--John Thorn, author of “Baseball in the Garden of Eden”
“A wonderfully informative book that proves once again baseball reflects American culture more powerfully than any other sport. Indeed, John Rosengren's book shows that sports are not an escape from political and social reality but a magnification of it.”
--Gerald Early, baseball historian and author
This isn't just a book, it's a season-ticket to one of the greatest years in baseball history. With a wonderful knack for capturing the spirit of the seventies and a crackling writing style, John Rosengren has given us one of the most enjoyable baseball books to come along in years.
-- Jonathan Eig, author “Luckiest Man: The Life and Death of Lou Gehrig” and “Opening Day: The Story of Jackie Robinson's First Season”
“John Rosengren brings to life the personalities and events that made the 1973 season a memorable one. From the star players to the out-of-control owners, it’s all here in Hammerin’ Hank, George Almighty and the Say Hey Kid.”
--Stew Thornley, author “Baseball in Minnesota: The Definitive History”
Chapter 1: A Mr. October Afternoon
Chapter 2: The Money Game
Chapter 3: The Team of the Times
Chapter 4: The Designated Hitter Has His Day
Chapter 5: Chasing the Ghost
Chapter 6: The Cover-up Game
Chapter 7: One Up, One Down
Chapter 8: You’re So Vain
Chapter 9: Dear Nigger
Chapter 10: The Midsummer Classic
Chapter 11: Cheating
Chapter 12: Rah Rah for Cha Cha
Chapter 13: Love Atlanta Style
Chapter 14: Wrasslin’ Another Division Title
Chapter 15: Say Goodbye to America
Chapter 16: Pennant Fever
Chapter 17: A Classic Fall Classic
Chapter 18: Extra Innings
One could hardly mention Hank Aaron’s name in 1973 without hearing Babe Ruth’s. The prospect of Aaron passing Ruth’s monumental mark inevitably led to comparisons and debates over whose 714 homers were the greater accomplishment. The Ruthians contended that the Babe reached 714 in 3,000 fewer at bats than Aaron, slugging a homer on average once every twelve at bats to Aaron’s once every sixteen. In Ruth’s prime, from 1920 through 1933, they noted, he hit 637 home runs, an average of 45.5 per 154-game season; Aaron hit more than 45 home runs only once in the 162-game season.
The Babe dominated in a way Aaron didn’t. Ruth led the league in on-base percentage ten times (his .474 career mark is second on the all-time list); Aaron never did. Ruth led the league in slugging percentage his first thirteen seasons (his .690 career mark remains the best ever); Aaron led the league four times in slugging percentage (his .555 ranks 27th all-time). Ruth’s .342 lifetime batting average eclipsed Aaron’s .311 lifetime average. Babe Ruth, his loyalists maintained, was the greatest hitter of all time, bar none.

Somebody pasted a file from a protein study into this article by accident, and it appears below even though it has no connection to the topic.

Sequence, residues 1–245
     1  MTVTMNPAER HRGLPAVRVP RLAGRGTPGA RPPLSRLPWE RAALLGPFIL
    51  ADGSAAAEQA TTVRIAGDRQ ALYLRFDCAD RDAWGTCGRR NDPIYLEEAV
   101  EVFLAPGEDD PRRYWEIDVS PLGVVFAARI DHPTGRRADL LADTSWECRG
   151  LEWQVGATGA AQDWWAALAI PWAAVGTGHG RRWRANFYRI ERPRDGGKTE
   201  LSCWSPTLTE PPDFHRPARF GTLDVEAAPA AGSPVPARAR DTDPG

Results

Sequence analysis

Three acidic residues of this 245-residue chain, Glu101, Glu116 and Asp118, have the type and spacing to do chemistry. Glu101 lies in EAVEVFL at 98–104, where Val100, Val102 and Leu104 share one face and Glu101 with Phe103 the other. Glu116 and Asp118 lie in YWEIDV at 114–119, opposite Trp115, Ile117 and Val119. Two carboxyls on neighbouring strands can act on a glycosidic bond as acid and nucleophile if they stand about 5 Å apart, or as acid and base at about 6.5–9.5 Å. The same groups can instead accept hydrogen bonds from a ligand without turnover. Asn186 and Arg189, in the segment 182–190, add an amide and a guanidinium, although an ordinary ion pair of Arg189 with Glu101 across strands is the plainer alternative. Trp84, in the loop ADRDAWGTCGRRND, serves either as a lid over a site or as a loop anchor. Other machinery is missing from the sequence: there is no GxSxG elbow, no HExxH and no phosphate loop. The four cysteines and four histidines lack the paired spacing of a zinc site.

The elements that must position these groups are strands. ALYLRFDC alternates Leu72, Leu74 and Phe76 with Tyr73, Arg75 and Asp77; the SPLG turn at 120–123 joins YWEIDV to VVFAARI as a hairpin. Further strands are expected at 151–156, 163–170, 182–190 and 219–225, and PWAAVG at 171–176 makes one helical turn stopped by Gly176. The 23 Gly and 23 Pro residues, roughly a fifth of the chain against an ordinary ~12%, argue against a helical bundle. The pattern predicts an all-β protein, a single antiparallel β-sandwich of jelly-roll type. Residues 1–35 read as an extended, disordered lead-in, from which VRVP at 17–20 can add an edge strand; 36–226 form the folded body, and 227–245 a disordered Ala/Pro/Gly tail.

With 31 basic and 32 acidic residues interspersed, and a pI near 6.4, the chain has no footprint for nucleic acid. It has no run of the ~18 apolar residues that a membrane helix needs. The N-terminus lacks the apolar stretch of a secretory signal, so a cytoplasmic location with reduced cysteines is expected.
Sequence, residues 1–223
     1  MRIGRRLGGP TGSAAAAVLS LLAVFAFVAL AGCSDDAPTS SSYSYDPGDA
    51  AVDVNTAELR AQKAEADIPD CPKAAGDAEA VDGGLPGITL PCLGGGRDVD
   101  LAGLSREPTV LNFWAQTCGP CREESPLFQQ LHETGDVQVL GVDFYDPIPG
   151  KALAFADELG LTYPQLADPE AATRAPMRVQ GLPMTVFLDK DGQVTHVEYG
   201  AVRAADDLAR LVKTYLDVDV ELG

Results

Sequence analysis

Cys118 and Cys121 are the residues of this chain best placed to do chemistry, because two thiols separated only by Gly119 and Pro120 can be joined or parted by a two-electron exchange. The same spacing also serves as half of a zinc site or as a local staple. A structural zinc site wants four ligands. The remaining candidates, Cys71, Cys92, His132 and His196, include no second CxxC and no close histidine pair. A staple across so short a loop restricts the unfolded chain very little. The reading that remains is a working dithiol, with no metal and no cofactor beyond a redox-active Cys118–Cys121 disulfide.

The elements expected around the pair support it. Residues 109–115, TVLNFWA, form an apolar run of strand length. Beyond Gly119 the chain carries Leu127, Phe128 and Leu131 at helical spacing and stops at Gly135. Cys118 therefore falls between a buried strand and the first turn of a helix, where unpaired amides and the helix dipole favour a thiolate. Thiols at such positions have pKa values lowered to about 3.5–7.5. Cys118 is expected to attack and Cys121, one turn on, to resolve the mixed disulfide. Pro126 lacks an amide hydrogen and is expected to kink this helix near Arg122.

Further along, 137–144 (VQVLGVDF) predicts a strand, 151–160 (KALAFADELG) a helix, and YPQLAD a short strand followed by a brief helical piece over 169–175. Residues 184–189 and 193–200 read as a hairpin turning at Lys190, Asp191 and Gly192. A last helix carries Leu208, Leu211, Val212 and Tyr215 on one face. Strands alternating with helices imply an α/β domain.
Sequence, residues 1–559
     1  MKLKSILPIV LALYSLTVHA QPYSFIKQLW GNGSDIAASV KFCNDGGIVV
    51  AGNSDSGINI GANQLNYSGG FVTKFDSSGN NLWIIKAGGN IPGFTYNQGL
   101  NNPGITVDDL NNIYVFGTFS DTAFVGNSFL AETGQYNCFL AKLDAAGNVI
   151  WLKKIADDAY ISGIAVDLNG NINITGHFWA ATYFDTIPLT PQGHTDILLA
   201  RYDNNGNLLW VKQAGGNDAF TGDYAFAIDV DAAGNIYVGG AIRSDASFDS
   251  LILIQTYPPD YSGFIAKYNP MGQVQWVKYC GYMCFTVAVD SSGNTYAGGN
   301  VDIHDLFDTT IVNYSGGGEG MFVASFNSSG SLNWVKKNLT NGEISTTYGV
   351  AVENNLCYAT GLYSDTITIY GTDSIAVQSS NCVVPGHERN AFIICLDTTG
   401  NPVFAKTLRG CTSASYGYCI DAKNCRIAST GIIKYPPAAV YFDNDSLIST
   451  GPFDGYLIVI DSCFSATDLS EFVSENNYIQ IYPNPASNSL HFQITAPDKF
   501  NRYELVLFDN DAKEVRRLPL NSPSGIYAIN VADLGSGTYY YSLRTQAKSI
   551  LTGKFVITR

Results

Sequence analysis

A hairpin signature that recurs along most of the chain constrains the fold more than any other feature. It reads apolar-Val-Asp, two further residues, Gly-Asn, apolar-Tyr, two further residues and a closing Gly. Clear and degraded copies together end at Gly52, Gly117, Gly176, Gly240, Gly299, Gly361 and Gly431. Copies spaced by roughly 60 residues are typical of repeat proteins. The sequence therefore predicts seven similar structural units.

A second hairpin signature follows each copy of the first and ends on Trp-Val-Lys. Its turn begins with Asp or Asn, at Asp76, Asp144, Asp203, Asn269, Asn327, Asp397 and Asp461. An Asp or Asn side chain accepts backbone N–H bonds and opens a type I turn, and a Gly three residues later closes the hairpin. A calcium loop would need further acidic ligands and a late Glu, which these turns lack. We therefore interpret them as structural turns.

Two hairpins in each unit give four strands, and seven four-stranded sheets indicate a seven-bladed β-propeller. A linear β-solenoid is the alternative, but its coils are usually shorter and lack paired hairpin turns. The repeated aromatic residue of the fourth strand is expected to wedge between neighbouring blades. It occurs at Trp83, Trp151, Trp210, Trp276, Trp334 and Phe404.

The Aaron camp countered that his soon-to-be 714 homers were hit under more difficult conditions. Aaron faced bigger, harder-throwing pitchers, many of them fresh relievers in late innings. He played night games when the ball was harder to see. He crisscrossed the country and multiple time zones on late-night flights and played day games after night games. He may not have led the league as often, but year after year--for twenty years straight--he performed consistently, not having a bad season. ”Real baseball people understand that the best thing you can have in a sport with a long season is consistency,” the syndicated columnist and baseball fan George Will noted. “Henry Aaron, by that measure, is the greatest baseball player ever, period, end of discussion.”
Aaron may have benefited from the lighter, thinner bats that players could whip around faster, but the bat’s smaller sweet spot required more precision in the swing. Some believed that Aaron also benefited from a livelier ball, but, in fact, the opposite was true. Ruth played almost his entire career in the “live-ball era,” which lasted from 1920 to about 1934, when the manufacturers deadened the ball somewhat. Changes to better stitching, binding and the core revived the ball in the Fifties. “The ball is livelier now than in the late Thirties and Forties but not as lively as in Ruth’s years,” baseball historian Joe Reichler, a member of the commissioner’s staff, told the Los Angeles Times in June 1973. Aaron himself pointed out that Ruth never had to face the likes of Bob Gibson, Juan Marichal and Ferguson Jenkins, because blacks were banned from Major League Baseball in his day. “Ruth may have had it easier for that reason,” Aaron wrote in I Had a Hammer.
In the end, nostalgia and legend seemed to tip most of the arguments in the Babe’s favor. More than half of the letters Aaron received still did not want to see him break Ruth’s record. “Of course, you had the man Hank Aaron and the myth Babe Ruth, and then the commercialized image of Babe Ruth,” Reverend Jesse Jackson opined. “It was just amazing that the myth of Ruth and this home run number was a kind of white supremacy symbol for many people.”
Certainly, Aaron faced pressure Ruth hadn’t in the form of hate mail, shouted epithets and death threats. There was also the invisible but palpable prejudice of apathy and indifference. Aaron felt that as well. Crowds may have doubled in other cities around the league where he played, but Atlanta fans ignored Hammerin’ Hank’s pursuit en masse. July 21, the day after Aaron hit No. 699, the Braves sold only 16,236 tickets to a Saturday game against the Phillies. Naturally Aaron wondered if people stayed away because he was black.